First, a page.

How did a country manage to remain a top-3 pork exporter with a 16% growth forecast at the close of a rather ill-fated 2020? The answer to Spain’s international success in the pig sector lies with their holistic approach: committing to every angle of customer demand - from food safety, sustainability practices, animal welfare to better visibility and understanding of the sector.
A sense of responsibility: What makes a strong leader
To be a leader in the meat industry, a business often fraught with problems of transparency and management, means not only excelling in numbers, but managing with an innovative mindset. Beyond its efforts to step up productivity, the pork industry in Spain also aims to improve every step of the process, for a future that benefits all involved. Many countries in the world, Vietnam included, have come a long way in implementing stronger welfare and sustainability measures into their enterprises, but Spain has already mastered this sensibility into perhaps one of the least glamorous industries.
Short for Organización Interprofesional Agroalimentaria del Porcino de Capa Blanca, Interporc is a Spanish not-for-profit entity that represents the large white pig sector, including production, processing and marketing. Though Spain is the world’s third largest producer of pork products (just behind Germany and the United States), the country’s strength as a leader shows in every part of the process.
Because in Spain, the pork industry is the quintessential model for modern livestock farming anywhere in the world. Complying with the strictest animal welfare, animal safety and environmental protection laws, the industry operates with conscious respect to all areas of the production processes. Good practices extend towards care and respect of the environment, consideration to livestock welfare in all phases, ethical systems in the value chain, as well as assuring food safety from the field-to-table traceability system.
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Ensuring welfare and sustainability of workers, animals and the environment
Efforts from Interporc have put long-term sustainable practices at the forefront of the industry. Continued innovation in water conservation and manure management has, for example, contributed to a drop of 14.6% in greenhouse effect gas emissions in the last 10 years. The improvement shows even steeper change over longer periods: the reduction of harmful methane gas dropped 15.3% between 2007-2016. That’s a reduction of 47% per kilo of meat produced since 1990, a tremendous achievement despite increasing output.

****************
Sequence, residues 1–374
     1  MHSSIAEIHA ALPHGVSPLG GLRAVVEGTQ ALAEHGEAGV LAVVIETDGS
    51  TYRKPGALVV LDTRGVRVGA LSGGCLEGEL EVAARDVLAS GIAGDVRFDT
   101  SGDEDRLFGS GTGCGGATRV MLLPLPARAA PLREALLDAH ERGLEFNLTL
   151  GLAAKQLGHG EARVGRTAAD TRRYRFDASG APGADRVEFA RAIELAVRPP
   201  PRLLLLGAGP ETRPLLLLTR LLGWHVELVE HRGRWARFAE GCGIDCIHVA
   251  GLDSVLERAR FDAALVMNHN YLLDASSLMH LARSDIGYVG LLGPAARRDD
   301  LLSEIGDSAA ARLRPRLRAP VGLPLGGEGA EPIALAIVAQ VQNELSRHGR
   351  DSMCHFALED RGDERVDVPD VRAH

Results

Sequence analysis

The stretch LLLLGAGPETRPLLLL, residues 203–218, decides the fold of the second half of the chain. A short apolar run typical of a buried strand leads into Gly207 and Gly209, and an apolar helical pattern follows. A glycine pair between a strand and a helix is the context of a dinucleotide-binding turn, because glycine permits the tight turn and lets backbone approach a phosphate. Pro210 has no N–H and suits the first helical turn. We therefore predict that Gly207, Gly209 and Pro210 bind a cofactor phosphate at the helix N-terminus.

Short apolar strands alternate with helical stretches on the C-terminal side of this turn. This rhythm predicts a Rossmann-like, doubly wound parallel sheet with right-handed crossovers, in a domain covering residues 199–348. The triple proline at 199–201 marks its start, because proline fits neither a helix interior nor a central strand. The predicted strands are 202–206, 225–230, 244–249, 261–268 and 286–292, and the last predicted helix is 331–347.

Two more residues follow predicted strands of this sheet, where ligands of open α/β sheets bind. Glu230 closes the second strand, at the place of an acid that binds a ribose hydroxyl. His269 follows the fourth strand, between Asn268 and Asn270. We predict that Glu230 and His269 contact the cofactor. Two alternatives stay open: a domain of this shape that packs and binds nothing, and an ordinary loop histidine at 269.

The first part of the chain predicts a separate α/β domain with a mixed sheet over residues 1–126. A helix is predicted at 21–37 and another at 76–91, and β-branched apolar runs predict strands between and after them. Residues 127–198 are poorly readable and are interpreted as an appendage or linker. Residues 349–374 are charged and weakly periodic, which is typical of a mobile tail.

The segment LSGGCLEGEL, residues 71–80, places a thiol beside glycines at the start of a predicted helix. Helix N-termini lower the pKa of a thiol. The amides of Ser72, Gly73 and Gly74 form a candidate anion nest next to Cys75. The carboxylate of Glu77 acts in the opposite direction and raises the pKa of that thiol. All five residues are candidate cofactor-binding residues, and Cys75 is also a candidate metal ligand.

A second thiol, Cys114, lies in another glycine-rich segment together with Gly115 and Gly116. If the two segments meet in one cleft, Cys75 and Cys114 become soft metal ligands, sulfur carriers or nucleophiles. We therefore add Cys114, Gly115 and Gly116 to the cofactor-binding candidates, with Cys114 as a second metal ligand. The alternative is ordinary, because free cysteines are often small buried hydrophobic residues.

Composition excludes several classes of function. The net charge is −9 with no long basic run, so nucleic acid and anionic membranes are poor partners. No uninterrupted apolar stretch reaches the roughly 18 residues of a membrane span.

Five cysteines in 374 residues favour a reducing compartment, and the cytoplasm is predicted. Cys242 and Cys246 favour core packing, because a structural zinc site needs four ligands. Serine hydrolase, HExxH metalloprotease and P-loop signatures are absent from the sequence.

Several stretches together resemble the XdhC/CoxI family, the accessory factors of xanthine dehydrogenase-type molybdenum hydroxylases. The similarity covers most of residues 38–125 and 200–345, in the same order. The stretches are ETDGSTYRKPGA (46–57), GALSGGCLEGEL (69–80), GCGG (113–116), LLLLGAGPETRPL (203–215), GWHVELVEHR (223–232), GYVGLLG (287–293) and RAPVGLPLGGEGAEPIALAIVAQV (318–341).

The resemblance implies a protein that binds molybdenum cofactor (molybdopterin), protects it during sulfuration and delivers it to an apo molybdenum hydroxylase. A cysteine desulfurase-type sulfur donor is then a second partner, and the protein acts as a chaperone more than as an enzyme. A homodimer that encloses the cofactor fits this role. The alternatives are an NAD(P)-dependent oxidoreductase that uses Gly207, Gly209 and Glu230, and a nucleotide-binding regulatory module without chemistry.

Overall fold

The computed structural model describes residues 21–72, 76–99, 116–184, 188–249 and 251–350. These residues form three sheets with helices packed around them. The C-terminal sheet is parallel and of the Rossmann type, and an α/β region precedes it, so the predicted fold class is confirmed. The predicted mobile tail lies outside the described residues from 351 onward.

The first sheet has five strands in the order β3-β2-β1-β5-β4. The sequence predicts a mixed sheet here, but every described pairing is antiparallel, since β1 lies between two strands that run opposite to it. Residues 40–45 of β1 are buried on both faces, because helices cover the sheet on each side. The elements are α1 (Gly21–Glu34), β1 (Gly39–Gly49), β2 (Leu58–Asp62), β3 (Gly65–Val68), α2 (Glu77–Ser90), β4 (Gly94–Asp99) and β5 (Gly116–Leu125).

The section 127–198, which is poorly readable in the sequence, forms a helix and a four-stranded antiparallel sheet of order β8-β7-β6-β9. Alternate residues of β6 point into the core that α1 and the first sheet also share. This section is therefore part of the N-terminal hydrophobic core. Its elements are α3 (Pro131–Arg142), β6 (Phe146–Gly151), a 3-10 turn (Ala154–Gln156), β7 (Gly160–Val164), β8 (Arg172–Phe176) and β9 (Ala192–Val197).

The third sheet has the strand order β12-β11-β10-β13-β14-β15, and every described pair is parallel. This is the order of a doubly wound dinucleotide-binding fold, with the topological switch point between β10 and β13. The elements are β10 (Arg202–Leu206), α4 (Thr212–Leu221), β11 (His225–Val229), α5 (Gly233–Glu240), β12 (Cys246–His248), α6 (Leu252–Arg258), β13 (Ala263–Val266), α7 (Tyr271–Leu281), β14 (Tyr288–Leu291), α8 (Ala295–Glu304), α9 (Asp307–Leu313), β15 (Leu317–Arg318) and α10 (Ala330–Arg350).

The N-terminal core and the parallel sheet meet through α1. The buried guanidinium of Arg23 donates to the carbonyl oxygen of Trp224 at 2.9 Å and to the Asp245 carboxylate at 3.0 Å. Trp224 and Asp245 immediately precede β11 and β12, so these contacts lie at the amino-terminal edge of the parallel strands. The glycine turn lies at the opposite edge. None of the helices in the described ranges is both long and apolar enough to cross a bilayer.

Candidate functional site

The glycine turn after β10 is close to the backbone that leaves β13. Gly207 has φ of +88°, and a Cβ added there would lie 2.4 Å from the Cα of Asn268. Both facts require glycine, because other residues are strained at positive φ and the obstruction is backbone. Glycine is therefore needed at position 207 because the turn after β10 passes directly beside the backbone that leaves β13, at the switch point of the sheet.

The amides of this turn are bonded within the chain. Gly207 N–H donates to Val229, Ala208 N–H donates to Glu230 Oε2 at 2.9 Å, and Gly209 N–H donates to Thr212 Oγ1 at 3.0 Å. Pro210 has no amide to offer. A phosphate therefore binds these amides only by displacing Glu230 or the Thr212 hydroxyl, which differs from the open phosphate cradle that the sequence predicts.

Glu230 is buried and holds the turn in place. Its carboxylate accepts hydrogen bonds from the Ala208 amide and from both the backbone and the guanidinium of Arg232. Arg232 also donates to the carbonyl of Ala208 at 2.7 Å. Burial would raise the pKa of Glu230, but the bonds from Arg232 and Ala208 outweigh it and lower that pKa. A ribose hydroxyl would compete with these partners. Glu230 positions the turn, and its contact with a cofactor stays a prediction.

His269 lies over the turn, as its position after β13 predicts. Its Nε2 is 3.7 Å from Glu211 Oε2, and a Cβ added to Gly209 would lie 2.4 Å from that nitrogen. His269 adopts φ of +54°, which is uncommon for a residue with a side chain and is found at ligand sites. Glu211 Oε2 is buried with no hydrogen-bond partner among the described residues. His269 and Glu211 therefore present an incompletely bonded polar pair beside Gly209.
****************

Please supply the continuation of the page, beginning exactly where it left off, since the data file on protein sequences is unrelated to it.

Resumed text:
Along with the already demanding European laws, Interporc is also firmly committed to animal care. It has set animal welfare and sustainability as the fundamental pillars of all branches of its activity. The "Welfare Commitment", drawn up by Interporc, establishes the highest standard throughout the entire chain within the IAWS Technical Regulation. As a matter of fact, the certification is one of the most ambitious European standards and adapts to the European objectives of the "Green Deal".
Through this initiative, animal welfare, animal health, biosafety, handling and traceability through the entire white pig food chain are all guaranteed.
This means that farmers have not only improved the facilities of the farms to ensure animal welfare, but to create a sustainable production model from the beginning until the end; thus, the conceptualization of the "from farm to fork" strategy. This also seeks to provide transparent and truthful information about the origin of meat to the consumers, as well as to highlight the sustainable and safe ways of the pork production.
Innovation is key
How does this all compare to the industry in Vietnam? A versatile ingredient in many traditional Vietnamese dishes, pork is the most consumed meat in the country. Though sixth in the world in terms of total pork production, Vietnam however, exports less than 1% of it. Improvements in farming and production practices will be crucial if Vietnam wants to become a major exporter, and looking even further ahead: implementing a sustainable mindset, and systems that put worker and animal welfare at the fore.
No doubt Interporc has supported a continuously striving industry in Spain, but their efforts extend beyond borders. Since 2018, Interporc has been part of the United Nations Global Compact Spanish Network for achieving all 17 designated Sustainable Development Goals (SDG). Initiatives both past and ongoing include cooking classes for all social groups and training for health professionals, which encourage a community of sustainable living as well as equal access to quality education. Just as well, Interporc supports new technology for more sustainable infrastructure, in-depth research to combat livestock diseases, and innovations for healthier meat products.
Interporc is an entity driven by innovation and the continuous will to keep evolving. And evidently, the efforts are paying off: the pork sector strives and contributes robustly to Spain’s economy, thereby supporting the meat industry as a whole. Whether pork-centered or not, any organization can benefit from the holistic approach that Interporc takes.